FAA to Establish New Air Navigation Concept

The Department of Transportation`s
Federal Aviation Administration (FAA)
will develop and implement within the
next year a plan to establish public
use of an innovative air navigation
concept called “Required Navigation
Performance” (RNP) that will
significantly increase capacity and
efficiency in the nation`s airways.

RNP evolves the U.S. National Airspace
System from a ground-based design to one where aircraft can take full advantage of advanced technologies for
precision guidance in the en route
(high-altitude) and terminal (about a
40-mile radius of the airport) areas.
Potential benefits include allowing
more precision approach and departure
paths at airports and keeping aircraft
clear of obstacles and terrain.

Using RNP, flight paths can be
developed that meet operators`
preferred routes and environmental
requirements. Parallel paths also can
be developed that will increase
airspace capacity, both in en route and
terminal operations.

“We intend to be the world`s leader in
realizing the efficiency and safety
advantages this concept can provide,”
said Nicholas Sabatini, FAA associate
administrator for regulation and
certification.

A recent FAA policy statement on RNP
commits the agency to moving forward on
a plan to establish public RNP airspace
and procedures over the United States.
RNP defines the accuracy requirements
to fly in certain airspace. While it
does not specify that an operator carry
a specific type of navigation
equipment, it does require an
automation capability aboard an
aircraft to fly a specific flight
procedure, such as an instrument
approach into a particular airport.

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RNP is possible thanks to increasingly
sophisticated levels of automation for
positioning and navigation aboard
aircraft. Aircraft have used onboard
computers for many years under the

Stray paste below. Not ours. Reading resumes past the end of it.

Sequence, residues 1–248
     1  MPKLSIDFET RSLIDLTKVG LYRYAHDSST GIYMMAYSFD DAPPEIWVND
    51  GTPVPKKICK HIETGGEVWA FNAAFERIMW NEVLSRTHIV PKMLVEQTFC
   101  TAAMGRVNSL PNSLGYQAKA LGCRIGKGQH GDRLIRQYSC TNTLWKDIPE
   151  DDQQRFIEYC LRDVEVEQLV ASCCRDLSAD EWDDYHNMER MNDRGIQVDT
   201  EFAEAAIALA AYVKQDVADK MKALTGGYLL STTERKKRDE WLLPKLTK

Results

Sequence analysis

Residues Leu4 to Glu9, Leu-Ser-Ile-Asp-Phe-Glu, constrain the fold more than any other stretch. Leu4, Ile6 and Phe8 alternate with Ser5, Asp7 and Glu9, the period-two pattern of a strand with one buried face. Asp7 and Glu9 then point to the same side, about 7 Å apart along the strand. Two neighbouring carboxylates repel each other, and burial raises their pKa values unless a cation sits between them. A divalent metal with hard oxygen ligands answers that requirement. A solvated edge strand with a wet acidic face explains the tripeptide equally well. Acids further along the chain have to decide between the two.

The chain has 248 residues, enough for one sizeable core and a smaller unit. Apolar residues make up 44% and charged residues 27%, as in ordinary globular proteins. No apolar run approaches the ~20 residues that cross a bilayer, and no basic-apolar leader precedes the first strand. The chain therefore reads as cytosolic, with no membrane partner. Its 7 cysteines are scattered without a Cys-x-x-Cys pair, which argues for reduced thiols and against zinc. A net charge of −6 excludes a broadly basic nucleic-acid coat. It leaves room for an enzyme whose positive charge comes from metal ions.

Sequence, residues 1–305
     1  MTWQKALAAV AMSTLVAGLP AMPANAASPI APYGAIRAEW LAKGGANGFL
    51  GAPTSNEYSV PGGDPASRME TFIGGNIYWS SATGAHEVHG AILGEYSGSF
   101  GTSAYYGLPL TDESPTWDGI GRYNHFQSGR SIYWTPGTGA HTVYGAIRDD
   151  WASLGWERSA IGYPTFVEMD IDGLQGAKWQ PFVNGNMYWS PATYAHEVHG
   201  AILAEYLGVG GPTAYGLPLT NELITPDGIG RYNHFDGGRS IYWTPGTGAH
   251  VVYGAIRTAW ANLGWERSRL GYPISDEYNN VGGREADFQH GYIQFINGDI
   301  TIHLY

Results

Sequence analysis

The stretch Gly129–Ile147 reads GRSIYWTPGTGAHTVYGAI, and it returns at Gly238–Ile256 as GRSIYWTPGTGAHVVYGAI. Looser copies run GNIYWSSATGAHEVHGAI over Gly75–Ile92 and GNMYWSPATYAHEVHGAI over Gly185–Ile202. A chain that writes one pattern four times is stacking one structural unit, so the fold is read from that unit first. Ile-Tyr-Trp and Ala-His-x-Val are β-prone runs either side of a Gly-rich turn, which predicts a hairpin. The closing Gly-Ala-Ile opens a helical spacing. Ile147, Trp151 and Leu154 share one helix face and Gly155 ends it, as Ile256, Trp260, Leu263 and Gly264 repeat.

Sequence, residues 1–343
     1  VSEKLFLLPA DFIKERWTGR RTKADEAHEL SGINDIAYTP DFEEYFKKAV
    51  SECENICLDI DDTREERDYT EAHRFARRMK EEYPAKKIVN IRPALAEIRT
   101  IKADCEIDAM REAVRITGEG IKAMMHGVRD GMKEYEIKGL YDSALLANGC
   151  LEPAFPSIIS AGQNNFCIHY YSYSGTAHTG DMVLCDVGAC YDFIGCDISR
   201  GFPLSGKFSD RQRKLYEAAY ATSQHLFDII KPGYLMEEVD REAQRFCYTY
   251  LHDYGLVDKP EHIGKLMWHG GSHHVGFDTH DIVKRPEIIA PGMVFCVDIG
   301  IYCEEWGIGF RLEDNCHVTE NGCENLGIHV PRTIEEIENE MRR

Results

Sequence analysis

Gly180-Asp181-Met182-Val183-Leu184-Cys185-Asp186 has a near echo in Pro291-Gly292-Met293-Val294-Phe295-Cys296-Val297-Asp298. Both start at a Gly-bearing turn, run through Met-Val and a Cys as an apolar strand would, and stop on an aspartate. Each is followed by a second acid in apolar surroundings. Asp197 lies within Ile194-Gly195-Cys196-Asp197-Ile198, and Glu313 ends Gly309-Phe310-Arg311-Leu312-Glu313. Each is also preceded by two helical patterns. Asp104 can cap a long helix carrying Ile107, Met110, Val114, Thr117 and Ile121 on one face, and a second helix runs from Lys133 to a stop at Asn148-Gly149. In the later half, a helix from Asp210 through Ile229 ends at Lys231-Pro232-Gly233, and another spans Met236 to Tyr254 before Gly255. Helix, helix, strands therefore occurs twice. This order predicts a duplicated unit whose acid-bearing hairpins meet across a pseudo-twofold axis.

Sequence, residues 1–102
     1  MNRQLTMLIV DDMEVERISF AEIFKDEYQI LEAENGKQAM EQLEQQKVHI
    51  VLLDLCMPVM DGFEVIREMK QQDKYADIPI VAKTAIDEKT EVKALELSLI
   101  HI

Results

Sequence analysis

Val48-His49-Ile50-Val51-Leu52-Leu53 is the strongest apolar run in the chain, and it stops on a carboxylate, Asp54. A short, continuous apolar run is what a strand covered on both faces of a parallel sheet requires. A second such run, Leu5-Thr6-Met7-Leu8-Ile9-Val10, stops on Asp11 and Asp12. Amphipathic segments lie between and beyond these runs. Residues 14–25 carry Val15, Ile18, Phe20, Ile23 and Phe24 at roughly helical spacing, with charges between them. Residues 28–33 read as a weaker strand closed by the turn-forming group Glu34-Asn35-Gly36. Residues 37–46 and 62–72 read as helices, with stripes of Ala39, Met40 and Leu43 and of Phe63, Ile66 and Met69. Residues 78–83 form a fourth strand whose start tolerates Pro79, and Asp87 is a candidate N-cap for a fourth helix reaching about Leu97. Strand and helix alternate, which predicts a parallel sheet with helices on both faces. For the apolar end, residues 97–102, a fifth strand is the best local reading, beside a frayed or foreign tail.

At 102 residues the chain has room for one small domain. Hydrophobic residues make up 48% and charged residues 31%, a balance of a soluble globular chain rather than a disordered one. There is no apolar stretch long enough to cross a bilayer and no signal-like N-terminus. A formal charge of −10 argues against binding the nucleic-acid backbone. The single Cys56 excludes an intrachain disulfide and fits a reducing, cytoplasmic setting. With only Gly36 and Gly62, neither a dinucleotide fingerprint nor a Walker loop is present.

concept of area navigation (RNAV):
flying point-to-point without following
a zigzag course dictated by the
location of ground-based navigation
aids. RNP improves that capability,
providing more efficient design and use
of RNAV procedures.

The FAA believes RNP can also provide
substantial safety benefits. For
example, RNP will allow precise
vertical and lateral guidance, similar
to the Instrument Landing System (ILS).
This benefit is possible not only in
the final approach phase but throughout
the entire descent from cruise
altitude, and can be implemented at
runways where no ILS capabilities
exist. 


Because of improved positioning and
navigation capabilities, aircraft will
be able to land at airports in lower
visibility than is allowed today. The
concept will simplify training,
allowing pilots to practice just one
type of instrument approach instead of
the multiple types currently in use.

Alaska Airlines has pioneered the use
of RNP for air carrier operations,
using an FAA-approved RNP/RNAV
instrument approach into Juneau under
lower weather minimums than those
possible with conventional navigation
aids.


Several member states of the
International Civil Aviation
Organization (ICAO) have implemented
RNP in their airspace, and it is used
in some areas of international airspace
as well. The FAA is working with
foreign civil aviation authorities to
harmonize policies and standards so
that RNP can become the “global common
denominator” for air navigation.

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